Wednesday, 12 October 2011

Mid-life Crisis?

I turned 30 last week.

Now I understand it's traditional to have some kind of mid-life crisis at this point, and purchase a motorcycle or take up base jumping. Instead I found myself being presented at my birthday party with a trombone I don't have the faintest clue how to play. This came slightly less out of the blue than it might first appear and was clearly a sign that my good lady wife had been paying rather more attention to the things I say than I had. Those who follow my twitter & facebook feeds will already know that I've developed something of an obsession with New Orleans Brass Bands since watching David 'The Wire' Simon's New Orleans set TV series 'Treme' on DVD a few months back. Cruising down the motorway with the Rebirth Brass Band cranked up good and loud, I had expressed a desire to own a trombone and then promptly forgotten about it. That was until Mrs Wearn presented me with one.

So now I'm making my first fart-sounding notes from the instrument I'm wondering if this is my own special music-geek version of a mid-life crisis? Given I still can't play harmonica like James Cotton, or slide guitar like Son House after years of trying, am I just being distracted by something new and exciting? Should I have just traded in the tour bus for a zippy red convertible and been done with it? Alternatively I might be joining the Memphis horns in 6 months, you never know...

Still just to prove that in spite of it's image the trombone is every bit as cool as a guitar or drum kit, here's a little clip of Rebirth funkin' it up:

Friday, 15 April 2011

The joy of a good record...

There’s something special about music. Clearly it wouldn’t play such a major part in my life and the life of so many other people if it wasn’t somehow special. The hundred year old technology of recorded sound should still qualify as one of the great achievements of our time. Yet it has become so ubiquitous, so commonplace, that it devalues and banalises that which it was invented to preserve.

From the radios in our cars to the music piped into every lift, the omnipresence of recorded music obscures the greatness of that music. Who sits in their local coffee house and ponders how many years of craftsmanship, practice and hard work went into the trumpet solo on the Miles Davis record that’s playing? I’m pretty sure it’s just me. For that matter I’m pretty sure I’m in a minority even noticing which record is playing. There’s so much wonderful music out there, and yet by putting it everywhere we go, we forget its brilliance.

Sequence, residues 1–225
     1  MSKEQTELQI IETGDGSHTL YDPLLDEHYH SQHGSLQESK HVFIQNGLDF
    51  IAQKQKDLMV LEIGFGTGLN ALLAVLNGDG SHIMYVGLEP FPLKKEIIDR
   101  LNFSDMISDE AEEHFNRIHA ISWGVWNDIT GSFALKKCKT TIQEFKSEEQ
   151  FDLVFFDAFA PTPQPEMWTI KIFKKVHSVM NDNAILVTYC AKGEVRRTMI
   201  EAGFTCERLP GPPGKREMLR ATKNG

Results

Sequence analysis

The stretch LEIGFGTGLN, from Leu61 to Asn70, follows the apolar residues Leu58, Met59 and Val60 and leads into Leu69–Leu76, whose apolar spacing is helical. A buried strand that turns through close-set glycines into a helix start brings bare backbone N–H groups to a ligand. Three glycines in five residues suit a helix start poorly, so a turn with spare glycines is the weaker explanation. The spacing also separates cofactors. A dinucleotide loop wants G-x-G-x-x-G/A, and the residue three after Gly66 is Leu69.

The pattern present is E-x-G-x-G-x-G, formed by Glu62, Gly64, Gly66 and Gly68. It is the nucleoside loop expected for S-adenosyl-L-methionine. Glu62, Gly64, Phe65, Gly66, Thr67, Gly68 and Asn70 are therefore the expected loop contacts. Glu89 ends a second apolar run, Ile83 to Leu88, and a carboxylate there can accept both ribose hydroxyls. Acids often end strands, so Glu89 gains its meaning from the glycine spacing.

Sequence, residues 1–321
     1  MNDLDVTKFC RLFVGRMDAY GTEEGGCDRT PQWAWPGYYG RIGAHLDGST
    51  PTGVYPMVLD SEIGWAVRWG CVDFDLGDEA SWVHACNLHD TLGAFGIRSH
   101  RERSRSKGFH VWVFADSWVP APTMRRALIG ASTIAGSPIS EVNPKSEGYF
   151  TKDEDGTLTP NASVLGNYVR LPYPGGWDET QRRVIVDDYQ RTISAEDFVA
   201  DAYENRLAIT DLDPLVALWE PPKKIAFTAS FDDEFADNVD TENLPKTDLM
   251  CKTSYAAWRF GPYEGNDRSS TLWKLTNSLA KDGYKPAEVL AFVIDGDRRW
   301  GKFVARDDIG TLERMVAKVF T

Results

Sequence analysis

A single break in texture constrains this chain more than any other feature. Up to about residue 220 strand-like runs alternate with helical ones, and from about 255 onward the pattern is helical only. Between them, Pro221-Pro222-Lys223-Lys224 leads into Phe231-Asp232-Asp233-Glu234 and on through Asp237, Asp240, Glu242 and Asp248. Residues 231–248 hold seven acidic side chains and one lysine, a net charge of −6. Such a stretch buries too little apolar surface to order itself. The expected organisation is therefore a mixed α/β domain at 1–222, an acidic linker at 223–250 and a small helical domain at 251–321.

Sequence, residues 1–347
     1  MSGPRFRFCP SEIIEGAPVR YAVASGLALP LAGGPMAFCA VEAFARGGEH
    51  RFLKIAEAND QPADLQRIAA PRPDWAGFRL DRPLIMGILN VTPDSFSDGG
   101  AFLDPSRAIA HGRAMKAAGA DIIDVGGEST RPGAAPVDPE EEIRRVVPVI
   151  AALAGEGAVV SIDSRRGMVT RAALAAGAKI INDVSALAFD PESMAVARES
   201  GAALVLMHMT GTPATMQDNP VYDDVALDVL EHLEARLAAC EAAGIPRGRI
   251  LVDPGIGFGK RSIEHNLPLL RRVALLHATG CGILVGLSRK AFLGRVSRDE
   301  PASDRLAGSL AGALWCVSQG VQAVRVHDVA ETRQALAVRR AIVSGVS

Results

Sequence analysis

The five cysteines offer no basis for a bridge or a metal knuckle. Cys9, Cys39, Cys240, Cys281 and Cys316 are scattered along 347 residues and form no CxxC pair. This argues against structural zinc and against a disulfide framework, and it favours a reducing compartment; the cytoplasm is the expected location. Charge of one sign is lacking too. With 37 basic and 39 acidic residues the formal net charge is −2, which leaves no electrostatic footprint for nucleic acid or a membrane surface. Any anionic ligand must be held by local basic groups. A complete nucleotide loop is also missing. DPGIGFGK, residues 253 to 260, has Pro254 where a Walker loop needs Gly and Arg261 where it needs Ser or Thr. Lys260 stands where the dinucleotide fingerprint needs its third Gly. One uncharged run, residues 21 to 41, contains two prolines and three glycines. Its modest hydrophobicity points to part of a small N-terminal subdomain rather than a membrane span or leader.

Indirectly this lack of value placed on music manifests in underpaid musicians and the fact that no one stops to listen to buskers.

All of which, by somewhat circuitous route, bring me to my love of vinyl. I’m no Luddite. Digital music has much to offer. Reduced recording and distribution costs associated with the digital format mean many wonderful artists are easily accessible who wouldn’t be otherwise, and as if to prove that point I own two packed mp3 players. But, in my life at least, digital music seems to inevitably form the background to some other activity, whether it’s listening to my mp3 player on my run, streaming internet radio as I type this, or even the CD that plays in the kitchen as I make dinner, it always seems secondary to the task in hand. We put on digital music, just to ignore it.

A good old fashioned record doesn’t do that. You can’t put a turntable in your car (not since the invention of the speed hump at any rate). You can’t spin a Long Player on your jog. Records are beautiful, bulky delicate things that need to be handled with love. So when you put on an LP you have to carefully drop the needle onto the crackly surface, sit down in your living room and actually listen to the warm sounds flowing forth. A little ritual to pay homage to the miracle of recorded sound, to the fact that this music is so good it couldn’t be left in the moment it was played, but instead needed to be preserved to be repeated and enjoyed again and again.